If you’re creative, you can create your budget binder and printables and use spreadsheets or an app. There are also techniques and people to follow.
Millions of people praise Dave Ramsey’s budget theories.
And then there are about a trillion other money gurus who have a different way of budgeting, including living on half your income and the 50/30/20 method.
The important thing is to have one. Know how much is coming in and going out during a specific amount of time. Easy peasy, right?
This is not a bare-bones budget strategy, although you could quickly transform it into one. This is a list of everything you MIGHT want to budget for.
Please don’t think you have to have all these budget categories.
Consider moving any money left in your budget balances to debt repayment or savings.
If you are looking for more information on Budgeting, you can check out this article: 25 Best Budget Hacks for Beginners
Simple Budget Catagories
I understand designing a budget can be overwhelming. I get that. I walk around, overwhelmed most of the time.
But it’s the BEST place to start to make sense of your money, reduce debt, increase savings, and have financial freedom.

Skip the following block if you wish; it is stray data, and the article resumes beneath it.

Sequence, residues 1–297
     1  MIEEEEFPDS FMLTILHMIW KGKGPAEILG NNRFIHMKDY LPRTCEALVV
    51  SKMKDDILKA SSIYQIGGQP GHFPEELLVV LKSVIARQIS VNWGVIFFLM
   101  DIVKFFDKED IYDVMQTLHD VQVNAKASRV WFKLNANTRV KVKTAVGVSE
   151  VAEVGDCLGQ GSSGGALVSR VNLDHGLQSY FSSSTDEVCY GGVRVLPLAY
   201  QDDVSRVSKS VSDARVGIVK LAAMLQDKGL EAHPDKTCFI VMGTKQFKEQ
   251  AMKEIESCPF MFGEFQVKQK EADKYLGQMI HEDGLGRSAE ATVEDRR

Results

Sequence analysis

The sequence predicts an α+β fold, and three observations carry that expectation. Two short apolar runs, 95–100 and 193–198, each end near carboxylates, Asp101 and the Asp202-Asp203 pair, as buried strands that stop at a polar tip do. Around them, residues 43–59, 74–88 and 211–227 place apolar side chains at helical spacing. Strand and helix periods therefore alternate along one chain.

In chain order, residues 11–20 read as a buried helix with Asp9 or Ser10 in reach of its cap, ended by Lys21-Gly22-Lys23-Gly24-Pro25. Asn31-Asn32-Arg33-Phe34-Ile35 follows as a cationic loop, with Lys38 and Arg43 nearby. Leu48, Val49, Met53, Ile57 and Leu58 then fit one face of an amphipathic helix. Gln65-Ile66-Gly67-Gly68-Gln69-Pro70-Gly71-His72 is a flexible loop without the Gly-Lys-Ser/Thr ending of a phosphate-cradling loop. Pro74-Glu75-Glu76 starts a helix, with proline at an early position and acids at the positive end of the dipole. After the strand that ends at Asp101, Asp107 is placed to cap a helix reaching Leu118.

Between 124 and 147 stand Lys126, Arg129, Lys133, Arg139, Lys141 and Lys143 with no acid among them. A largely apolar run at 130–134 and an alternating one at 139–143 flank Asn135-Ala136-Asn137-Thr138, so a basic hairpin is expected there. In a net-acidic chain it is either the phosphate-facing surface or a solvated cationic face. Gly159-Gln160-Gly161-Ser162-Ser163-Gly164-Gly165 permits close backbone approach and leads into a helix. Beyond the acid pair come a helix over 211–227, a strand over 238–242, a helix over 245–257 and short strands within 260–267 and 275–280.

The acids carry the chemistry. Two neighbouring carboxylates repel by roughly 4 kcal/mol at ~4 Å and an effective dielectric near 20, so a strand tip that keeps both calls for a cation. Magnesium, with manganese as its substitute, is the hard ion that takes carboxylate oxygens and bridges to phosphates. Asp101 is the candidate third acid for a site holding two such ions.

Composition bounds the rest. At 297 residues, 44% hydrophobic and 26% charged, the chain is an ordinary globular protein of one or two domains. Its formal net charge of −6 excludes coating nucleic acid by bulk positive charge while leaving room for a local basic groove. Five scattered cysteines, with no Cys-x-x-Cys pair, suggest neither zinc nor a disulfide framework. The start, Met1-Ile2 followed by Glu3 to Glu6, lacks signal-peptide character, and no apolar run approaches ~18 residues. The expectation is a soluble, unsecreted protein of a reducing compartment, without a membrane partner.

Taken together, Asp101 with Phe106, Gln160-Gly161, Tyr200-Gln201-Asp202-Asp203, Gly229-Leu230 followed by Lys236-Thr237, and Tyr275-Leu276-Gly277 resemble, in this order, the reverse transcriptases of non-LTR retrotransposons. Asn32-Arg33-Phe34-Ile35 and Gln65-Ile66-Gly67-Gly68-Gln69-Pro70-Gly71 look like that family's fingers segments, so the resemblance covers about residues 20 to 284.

While I will give you every category you might need, you do not need a line in your budget for all of them unless you want to. Most people will just ensure all these categories are included as the headings.
This creates simple budget categories for those not so detail-oriented who just want money for things when needed or are on a tight budget and don’t have much money for all the categories.
Here are six main categories to minimize your finance’s outgoing expenses.
- Living Expenses
- Debt Payoff
Before you start outgoing, let’s ensure all the incoming has been accounted for. This is every single penny that comes into your house and should be the first step in the budgeting process..